Enriching Life Through Innovative Ideas SM

Cannabis-infused business used Girl Scout cookie names in email

Many in California and across the United States eagerly stock up on their favorite Girl Scout cookies each Spring. A cannabis-edibles company based in California was noticed for utilizing the names of the popular treats to their advantage. The edibles company compared the taste of their cannabis-infused cookies with the ones made by the Girl Scouts.

Kaneh Co., a company based in San Diego, emailed out a pitch that described Kaneh’s cookies as tasting similar to some of the popular Girl Scout cookies, but with an elevated flavor profile. Although a publicist for Kaneh Co. claims that the comparison between their cookies and the ones made by the Girl Scouts would not be used in print or online advertising, the company may still face some legal backlash. The Girl Scouts’ legal team has noted that components of their cookie program is their intellectual property and cannot be used by other organizations.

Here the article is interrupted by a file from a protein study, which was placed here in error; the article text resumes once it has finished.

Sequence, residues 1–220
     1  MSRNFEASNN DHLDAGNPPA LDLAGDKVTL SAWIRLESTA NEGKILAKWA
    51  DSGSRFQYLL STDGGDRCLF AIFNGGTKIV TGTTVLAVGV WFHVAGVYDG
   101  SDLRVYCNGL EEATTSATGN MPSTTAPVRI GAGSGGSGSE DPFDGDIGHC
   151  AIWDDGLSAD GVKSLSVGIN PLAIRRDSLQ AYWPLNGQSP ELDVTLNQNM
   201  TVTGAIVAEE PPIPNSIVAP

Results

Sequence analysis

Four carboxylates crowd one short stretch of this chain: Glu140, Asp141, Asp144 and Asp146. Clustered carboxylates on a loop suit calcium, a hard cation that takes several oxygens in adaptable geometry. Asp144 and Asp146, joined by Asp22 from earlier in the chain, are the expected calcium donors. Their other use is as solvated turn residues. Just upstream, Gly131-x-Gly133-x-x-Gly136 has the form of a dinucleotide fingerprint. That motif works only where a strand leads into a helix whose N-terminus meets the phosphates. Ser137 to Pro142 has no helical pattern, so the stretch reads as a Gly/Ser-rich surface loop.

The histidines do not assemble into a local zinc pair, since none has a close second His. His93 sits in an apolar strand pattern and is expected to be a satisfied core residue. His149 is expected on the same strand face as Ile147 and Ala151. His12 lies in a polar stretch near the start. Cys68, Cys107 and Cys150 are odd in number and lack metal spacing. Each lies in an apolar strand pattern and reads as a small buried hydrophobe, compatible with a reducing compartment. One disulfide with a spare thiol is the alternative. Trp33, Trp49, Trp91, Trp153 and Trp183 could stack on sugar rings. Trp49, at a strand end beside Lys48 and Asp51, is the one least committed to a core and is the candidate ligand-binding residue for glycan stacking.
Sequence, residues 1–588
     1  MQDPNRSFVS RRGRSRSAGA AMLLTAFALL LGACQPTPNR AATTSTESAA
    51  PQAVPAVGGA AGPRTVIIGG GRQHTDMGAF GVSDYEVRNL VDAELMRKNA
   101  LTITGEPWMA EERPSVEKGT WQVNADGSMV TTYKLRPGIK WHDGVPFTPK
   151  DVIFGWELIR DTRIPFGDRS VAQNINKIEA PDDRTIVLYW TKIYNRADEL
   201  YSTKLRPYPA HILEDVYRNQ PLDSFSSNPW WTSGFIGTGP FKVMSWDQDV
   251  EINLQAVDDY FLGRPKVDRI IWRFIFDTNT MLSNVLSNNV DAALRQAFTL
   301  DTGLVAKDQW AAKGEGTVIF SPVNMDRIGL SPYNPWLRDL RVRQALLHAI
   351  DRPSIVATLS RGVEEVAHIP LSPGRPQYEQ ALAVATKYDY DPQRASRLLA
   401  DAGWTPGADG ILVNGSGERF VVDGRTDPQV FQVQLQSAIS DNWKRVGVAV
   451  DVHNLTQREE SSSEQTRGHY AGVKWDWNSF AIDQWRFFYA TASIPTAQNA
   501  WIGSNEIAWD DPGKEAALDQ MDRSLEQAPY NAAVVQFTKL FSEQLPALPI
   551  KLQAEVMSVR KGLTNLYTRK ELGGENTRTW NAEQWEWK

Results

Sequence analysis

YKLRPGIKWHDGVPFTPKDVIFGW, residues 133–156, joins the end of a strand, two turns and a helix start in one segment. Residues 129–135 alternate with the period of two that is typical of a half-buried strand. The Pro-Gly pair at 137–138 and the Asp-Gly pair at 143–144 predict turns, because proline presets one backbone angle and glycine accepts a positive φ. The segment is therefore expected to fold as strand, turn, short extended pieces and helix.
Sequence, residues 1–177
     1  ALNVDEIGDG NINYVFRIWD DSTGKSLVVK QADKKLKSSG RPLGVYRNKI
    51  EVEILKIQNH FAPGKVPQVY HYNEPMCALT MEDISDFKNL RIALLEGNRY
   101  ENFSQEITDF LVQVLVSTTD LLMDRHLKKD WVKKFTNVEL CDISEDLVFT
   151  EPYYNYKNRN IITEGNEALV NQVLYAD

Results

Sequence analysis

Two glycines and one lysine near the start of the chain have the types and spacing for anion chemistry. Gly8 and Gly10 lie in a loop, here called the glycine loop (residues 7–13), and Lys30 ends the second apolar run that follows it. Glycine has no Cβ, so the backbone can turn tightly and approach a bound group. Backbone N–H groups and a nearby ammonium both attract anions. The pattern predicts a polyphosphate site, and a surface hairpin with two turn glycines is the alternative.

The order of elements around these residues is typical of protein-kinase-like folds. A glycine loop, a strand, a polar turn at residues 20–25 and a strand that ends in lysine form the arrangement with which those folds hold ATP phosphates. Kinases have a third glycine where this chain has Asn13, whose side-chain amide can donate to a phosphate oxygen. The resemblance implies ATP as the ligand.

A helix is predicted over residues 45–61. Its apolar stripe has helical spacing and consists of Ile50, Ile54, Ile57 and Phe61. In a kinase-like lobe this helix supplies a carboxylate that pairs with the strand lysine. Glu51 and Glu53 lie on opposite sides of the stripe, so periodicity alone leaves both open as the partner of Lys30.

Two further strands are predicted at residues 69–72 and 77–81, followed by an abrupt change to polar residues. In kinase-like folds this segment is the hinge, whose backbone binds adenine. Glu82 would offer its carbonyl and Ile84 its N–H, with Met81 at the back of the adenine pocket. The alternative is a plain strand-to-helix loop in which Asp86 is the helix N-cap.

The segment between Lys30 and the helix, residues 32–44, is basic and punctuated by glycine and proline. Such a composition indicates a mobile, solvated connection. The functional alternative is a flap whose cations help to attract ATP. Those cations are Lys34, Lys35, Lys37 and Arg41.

The Girl Scout organization’s spokesperson Mike Lopes says they consider the names of their cookie types to be trademarks. The Girl Scouts contend that utilizing the cookie names to advertise for another product is trademark misappropriation. In response, the Girl Scouts’ legal team has sent a cease-and-desist letter to Kaneh Co. In the past, other cannabis-edibles companies have tried to use the Girl Scouts’ cookie names similarly and have also been asked to stop by the organization’s lawyers.

The law typically defines intellectual property as creations of the mind, and includes copyrights, trademarks and patents. The Girls Scouts organization is well-known throughout the United States, and some of the Girl Scouts’ cookie names, such as Thin Mint, are trademarked. If another business uses Girl Scouts’ trademarks in advertising, this is an infringement of Girl Scouts’ intellectual property rights. A lawyer might form a cease-and-desist letter or file a civil suit against another business that uses protected names. If it can be proven that the business used the intellectual property for their gain, they may have to pay damages.